A NASA satellite captured the explosive Hunga Tonga-Hunga Ha’apai eruption in the South Pacific. Credit: Image by Joshua Stevens/NASA Earth Observatory, using GOES-17 imagery courtesy of National Oceanic and Atmospheric Administration and National Environmental Satellite, Data and Information Service

The Lamb wave consisted of at least two pulses near Hunga, the first having a seven to 10 minute pressure rise followed by a second larger compression and a subsequent long pressure drop.

The wave also reached Earth’s ionosphere, rising at 700 mph at an altitude of about 280 miles, according to data from ground stations.

A major difference between the Lamb wave from the Hunga explosion and the 1883 wave is the amount of data collected due to more than a century of technological advances and a proliferation of sensors around the world, according to the article.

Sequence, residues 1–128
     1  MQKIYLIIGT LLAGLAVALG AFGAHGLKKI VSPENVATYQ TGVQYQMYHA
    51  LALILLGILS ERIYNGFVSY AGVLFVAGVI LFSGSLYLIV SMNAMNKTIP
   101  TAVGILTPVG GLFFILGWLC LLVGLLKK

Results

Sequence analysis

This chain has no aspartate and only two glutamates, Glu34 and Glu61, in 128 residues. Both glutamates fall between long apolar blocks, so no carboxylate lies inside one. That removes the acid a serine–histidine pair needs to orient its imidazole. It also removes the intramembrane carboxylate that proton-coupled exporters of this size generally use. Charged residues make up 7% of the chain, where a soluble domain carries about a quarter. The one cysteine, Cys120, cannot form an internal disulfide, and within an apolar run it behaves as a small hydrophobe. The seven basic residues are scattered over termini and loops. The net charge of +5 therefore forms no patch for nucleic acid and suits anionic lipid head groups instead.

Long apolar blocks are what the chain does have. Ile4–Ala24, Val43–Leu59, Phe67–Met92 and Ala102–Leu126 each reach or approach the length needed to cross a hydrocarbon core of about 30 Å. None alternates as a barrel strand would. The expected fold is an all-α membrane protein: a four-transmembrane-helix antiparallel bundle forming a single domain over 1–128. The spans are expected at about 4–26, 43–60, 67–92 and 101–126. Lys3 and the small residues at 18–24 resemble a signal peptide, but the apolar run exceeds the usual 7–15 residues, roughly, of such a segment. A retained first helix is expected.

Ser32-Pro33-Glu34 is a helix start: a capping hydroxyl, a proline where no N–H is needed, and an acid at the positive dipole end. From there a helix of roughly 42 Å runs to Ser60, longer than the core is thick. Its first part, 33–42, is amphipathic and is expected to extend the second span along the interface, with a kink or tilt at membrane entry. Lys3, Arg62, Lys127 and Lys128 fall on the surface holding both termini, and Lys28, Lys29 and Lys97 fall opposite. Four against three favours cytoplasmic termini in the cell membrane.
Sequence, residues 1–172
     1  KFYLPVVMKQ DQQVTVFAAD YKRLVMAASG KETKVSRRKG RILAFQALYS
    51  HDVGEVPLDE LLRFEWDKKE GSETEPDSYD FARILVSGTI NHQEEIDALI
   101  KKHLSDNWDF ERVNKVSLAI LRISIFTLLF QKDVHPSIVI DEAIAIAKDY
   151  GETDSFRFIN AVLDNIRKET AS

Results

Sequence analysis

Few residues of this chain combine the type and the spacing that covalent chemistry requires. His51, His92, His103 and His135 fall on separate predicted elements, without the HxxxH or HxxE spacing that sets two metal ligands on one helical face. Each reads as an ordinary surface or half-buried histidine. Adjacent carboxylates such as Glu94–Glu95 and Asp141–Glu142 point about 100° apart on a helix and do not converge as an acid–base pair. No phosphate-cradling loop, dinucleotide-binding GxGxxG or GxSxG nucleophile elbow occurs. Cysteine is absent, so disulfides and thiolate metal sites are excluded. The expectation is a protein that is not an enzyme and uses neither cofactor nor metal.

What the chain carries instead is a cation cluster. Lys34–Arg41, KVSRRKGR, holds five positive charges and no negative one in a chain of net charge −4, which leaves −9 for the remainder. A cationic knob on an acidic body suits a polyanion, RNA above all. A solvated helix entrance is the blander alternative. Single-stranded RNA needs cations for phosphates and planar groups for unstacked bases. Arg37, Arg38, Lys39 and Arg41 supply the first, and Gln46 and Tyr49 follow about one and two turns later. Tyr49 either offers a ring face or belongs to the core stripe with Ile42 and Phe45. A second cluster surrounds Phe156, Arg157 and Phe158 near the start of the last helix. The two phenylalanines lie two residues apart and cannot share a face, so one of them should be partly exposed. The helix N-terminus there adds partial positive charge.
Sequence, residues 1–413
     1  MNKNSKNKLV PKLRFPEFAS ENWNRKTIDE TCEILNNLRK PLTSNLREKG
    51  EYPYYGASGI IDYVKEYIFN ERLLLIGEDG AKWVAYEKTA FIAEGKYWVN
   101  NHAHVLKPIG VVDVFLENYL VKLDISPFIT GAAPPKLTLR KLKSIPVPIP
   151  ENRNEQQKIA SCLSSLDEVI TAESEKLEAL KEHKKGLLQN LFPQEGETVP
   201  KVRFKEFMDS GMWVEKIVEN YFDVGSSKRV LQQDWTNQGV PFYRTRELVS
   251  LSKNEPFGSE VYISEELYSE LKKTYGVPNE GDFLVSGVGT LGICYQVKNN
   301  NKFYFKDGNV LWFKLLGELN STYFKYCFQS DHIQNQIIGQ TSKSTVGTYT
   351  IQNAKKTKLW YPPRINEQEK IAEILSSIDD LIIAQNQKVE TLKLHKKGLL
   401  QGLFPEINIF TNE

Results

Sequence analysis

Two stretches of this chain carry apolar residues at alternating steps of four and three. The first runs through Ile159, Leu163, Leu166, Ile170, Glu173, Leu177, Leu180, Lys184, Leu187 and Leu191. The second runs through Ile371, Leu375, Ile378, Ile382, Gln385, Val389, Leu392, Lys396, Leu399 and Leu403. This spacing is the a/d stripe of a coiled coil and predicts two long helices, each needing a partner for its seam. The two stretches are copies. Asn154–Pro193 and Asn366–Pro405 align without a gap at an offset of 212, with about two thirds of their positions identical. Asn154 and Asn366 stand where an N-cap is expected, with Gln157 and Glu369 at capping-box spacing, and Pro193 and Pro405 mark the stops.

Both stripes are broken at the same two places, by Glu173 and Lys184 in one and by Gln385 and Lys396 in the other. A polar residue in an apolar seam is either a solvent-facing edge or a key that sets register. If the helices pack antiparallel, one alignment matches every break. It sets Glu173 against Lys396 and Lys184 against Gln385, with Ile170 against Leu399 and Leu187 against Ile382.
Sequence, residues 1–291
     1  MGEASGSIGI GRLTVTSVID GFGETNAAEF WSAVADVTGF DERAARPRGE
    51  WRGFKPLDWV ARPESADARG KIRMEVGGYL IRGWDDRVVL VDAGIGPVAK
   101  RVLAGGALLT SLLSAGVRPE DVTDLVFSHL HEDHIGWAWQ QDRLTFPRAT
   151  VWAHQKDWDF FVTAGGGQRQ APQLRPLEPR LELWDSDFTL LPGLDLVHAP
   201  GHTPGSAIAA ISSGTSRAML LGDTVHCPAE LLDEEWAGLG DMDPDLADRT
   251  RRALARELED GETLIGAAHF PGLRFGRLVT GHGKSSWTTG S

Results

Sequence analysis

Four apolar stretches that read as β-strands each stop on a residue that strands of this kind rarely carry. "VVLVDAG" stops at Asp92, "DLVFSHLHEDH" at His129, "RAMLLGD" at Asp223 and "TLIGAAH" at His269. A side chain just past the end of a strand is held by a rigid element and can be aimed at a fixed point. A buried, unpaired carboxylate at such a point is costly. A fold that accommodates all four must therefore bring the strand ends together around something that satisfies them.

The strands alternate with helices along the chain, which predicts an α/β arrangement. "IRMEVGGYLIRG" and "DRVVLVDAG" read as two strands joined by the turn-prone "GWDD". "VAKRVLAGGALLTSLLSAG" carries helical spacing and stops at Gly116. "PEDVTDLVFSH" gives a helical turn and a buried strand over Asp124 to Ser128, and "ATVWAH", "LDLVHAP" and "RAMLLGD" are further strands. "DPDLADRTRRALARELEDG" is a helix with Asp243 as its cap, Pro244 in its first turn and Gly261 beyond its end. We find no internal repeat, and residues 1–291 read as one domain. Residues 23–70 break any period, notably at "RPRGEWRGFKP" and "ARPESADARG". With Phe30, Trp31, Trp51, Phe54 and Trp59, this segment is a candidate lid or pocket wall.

Scientists noted other findings about atmospheric waves associated with the eruption, including “remarkable” long-range infrasound – sounds too low in frequency for humans to hear. Infrasound arrived after the Lamb wave and was followed by audible sounds in some regions.

The audible sounds, the paper notes, traveled about 6,200 miles to Alaska, where they were heard across the state as repeated booms about nine hours after the eruption.

“I heard the sounds, but at the time I certainly didn’t think it was from a volcanic eruption in the South Pacific,” Fee said.

The Alaskan reports are the furthest documented accounts of audible sound from its source. This is due in part, the paper notes, to the increase in the world’s population and advances in societal connectivity.

“We will study these signals for years to find out how the atmospheric waves were generated and how they propagated so well through the Earth,” Fee said.